August 28, 2002
Shropshire Lies Again

Philip Shropshire just can't seem to stop telling lies. Here's one from a comment on this post over on Gene Expression:

If you feel, like Dr. Weevil, that this a just war and to not fight it means a capitulation to tyranny--despite our Chinese dictator allies--then it seems consistent that you would take the next step and enlist.

I don't know why he picks me as a typical 'warblogger', but:

When have I, or any 'warblogger', said anything to imply that the Chinese are "allies" of the U.S.? What many of us fear is that China will take advantage of a war on Iraq to invade or blockade Taiwan. JunkYardBlog had an entry on this yesterday, and he was not the first to worry aloud. Recent reports that the Chinese were supplying the Taleban with weapons even after September 11th are all-too-plausible. The U.S. has polite relations with the Chinese government, and trade ties, but that does not make us any sort of allies.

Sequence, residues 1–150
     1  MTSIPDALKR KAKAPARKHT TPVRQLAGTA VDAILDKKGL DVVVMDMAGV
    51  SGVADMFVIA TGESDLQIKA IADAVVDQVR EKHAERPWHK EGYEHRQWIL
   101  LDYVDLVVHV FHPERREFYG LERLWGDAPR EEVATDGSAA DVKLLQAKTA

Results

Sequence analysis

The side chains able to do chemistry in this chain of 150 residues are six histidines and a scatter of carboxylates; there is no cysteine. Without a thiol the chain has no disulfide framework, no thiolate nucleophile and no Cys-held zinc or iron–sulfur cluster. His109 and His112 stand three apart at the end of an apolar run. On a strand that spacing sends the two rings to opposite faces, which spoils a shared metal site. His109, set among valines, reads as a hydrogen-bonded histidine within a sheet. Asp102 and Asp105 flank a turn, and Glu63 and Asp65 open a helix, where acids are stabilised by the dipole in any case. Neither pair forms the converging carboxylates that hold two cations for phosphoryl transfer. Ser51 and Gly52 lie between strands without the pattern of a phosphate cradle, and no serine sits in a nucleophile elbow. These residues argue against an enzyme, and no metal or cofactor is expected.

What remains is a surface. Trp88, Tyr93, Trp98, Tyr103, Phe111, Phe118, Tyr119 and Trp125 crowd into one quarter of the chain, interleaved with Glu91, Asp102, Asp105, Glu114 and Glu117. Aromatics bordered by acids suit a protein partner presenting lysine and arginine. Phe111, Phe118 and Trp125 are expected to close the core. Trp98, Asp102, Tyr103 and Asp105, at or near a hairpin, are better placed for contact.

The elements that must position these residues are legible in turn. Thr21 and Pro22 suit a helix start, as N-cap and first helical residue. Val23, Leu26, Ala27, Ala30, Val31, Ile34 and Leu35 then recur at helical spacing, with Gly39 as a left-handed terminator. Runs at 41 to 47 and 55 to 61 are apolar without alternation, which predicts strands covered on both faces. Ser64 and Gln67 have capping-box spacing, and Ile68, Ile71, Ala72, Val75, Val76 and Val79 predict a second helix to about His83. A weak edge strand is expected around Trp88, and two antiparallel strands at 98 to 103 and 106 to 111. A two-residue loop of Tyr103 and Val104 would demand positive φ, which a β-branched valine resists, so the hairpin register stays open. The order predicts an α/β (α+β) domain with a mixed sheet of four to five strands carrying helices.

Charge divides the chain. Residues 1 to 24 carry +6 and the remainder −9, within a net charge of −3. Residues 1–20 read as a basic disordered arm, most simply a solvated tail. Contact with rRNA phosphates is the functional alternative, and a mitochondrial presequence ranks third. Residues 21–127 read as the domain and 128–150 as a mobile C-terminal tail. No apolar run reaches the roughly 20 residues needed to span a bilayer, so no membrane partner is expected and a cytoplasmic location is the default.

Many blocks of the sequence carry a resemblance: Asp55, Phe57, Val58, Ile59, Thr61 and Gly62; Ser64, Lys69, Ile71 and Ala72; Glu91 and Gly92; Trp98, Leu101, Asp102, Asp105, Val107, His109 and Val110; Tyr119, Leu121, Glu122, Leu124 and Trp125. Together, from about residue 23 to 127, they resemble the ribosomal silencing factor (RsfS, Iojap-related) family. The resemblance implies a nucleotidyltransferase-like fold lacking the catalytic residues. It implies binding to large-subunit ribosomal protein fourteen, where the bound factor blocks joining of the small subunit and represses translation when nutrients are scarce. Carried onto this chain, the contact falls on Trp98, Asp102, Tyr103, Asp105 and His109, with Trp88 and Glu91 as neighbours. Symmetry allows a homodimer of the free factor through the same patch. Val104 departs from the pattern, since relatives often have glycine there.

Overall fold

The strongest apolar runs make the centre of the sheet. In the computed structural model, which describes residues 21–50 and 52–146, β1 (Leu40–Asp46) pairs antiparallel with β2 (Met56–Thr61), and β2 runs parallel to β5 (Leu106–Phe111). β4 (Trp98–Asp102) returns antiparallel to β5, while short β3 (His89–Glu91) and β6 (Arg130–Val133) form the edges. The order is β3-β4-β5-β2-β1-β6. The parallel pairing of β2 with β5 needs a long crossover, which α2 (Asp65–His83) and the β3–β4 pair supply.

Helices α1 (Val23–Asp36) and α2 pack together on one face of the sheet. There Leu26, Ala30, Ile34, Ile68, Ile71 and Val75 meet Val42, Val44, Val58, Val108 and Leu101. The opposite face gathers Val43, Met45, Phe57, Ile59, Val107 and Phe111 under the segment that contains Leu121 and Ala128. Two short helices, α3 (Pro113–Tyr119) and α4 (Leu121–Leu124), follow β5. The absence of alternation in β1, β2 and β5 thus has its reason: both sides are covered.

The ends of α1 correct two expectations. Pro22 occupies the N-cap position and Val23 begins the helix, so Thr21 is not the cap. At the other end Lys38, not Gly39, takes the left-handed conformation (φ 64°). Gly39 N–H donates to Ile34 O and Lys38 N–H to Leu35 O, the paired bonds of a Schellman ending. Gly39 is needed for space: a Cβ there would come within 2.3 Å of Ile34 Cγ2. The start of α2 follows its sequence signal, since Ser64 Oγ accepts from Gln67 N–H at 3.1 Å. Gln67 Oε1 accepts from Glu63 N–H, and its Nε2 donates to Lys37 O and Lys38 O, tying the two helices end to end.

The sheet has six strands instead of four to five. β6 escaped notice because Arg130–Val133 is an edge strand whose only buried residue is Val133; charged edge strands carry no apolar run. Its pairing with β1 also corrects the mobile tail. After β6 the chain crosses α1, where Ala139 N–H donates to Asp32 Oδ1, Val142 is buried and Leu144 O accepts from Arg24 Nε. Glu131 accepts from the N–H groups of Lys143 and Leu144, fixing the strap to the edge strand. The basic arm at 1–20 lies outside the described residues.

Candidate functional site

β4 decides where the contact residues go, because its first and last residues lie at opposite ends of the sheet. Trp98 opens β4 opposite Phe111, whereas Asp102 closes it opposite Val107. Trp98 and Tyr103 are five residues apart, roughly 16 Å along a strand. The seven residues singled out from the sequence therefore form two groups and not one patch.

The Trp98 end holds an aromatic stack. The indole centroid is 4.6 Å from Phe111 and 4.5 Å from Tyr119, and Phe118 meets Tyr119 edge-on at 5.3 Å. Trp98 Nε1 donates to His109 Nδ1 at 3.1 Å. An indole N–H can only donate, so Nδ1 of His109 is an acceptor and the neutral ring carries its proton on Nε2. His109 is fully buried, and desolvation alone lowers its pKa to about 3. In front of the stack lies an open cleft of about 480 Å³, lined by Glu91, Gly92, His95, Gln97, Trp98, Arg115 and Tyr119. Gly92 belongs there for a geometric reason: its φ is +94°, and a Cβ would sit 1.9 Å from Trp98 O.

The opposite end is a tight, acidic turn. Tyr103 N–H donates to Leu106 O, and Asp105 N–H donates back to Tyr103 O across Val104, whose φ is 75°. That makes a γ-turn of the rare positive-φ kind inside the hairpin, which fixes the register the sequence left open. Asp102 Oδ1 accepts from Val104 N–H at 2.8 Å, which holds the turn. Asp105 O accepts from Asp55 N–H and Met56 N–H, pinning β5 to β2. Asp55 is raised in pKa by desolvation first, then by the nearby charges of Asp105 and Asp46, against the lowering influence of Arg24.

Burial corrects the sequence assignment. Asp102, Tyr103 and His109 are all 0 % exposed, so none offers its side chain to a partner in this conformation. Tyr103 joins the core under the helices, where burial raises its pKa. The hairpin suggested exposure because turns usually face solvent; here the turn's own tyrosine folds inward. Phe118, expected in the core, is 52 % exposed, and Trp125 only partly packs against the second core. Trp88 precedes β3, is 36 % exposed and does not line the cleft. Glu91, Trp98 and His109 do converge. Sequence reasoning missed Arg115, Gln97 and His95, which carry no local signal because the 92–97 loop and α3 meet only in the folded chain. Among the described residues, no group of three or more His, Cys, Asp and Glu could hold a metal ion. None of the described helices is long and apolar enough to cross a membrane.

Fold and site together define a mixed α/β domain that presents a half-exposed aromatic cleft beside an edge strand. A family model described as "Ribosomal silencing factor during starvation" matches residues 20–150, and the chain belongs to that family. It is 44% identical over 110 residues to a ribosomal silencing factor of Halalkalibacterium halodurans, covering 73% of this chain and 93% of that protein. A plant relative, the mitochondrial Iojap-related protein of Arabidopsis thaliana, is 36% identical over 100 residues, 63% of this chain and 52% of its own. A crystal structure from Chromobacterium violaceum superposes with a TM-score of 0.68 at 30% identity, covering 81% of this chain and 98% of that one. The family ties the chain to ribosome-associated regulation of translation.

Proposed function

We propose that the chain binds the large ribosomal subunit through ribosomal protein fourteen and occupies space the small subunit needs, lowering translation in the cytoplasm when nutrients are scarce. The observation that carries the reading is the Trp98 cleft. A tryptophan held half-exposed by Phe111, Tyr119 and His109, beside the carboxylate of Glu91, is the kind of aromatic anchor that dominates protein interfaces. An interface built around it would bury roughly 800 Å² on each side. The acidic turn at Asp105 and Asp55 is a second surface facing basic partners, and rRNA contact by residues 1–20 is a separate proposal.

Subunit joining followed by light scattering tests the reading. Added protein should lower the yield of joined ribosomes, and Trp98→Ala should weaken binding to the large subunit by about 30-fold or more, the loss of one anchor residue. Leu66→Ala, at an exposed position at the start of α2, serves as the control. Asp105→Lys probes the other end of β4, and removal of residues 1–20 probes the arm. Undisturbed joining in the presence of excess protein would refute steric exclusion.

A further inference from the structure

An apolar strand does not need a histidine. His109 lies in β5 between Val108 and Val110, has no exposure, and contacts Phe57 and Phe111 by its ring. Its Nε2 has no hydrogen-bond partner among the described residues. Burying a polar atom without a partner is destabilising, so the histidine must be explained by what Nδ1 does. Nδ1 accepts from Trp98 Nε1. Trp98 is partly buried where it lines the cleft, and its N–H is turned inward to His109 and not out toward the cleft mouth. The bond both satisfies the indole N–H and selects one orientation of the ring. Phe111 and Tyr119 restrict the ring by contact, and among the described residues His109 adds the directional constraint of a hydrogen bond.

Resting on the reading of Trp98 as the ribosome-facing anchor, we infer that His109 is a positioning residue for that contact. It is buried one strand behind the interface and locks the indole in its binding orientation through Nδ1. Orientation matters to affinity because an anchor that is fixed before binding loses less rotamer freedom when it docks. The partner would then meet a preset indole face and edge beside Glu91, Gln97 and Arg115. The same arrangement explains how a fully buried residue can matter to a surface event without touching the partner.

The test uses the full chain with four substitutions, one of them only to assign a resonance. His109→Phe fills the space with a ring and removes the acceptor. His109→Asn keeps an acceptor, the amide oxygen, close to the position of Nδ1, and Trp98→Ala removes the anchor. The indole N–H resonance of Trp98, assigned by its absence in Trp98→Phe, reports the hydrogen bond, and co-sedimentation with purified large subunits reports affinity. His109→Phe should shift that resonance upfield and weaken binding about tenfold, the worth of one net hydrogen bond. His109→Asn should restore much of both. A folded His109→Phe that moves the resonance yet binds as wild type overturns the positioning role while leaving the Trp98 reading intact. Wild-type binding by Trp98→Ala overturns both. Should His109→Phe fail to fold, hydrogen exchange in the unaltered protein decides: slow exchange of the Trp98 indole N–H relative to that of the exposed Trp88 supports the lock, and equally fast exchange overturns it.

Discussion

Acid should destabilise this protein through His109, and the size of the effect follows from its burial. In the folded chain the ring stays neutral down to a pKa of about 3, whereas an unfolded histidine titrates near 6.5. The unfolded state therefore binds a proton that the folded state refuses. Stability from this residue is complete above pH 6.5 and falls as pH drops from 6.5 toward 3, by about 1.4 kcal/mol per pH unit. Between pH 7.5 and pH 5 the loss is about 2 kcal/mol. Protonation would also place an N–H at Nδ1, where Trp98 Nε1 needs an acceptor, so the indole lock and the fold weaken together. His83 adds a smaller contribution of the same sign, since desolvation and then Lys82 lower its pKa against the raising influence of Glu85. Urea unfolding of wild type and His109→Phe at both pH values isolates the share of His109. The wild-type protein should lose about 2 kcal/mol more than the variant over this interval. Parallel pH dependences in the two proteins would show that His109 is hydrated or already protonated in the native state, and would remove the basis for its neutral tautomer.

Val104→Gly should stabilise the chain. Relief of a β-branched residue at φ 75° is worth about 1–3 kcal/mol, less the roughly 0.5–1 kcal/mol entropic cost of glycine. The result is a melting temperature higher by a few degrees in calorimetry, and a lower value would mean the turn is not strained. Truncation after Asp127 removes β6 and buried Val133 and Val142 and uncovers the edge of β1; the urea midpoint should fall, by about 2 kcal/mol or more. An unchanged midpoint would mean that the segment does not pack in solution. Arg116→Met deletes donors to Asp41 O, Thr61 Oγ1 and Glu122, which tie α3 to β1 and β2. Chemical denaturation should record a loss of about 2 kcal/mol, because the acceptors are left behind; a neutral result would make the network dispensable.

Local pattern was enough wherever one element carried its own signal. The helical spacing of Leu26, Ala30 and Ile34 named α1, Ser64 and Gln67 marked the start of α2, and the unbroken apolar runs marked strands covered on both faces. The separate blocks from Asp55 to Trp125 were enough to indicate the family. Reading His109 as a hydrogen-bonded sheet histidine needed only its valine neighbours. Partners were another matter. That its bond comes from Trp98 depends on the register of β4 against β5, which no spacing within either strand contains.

Three further comments:

  1. Does Shropshire really think that the war against Al Qaeda and its allies is not a "just war"? Does he not know that they declared war on us a few years ago, and have since demonstrated more than once that their declaration was not merely rhetorical? I can see how some might think such a war impractical, or not worth the cost of fighting, just as any attempt to liberate Tibet would be doomed to failure and therefore well worth avoiding. But how can it be unjust to fight those who are trying to kill us? Only the purest of pacifists can argue that, and anyone who writes for a site with a picture of Comandante Marcos on the front page can hardly claim to be a pure pacifist.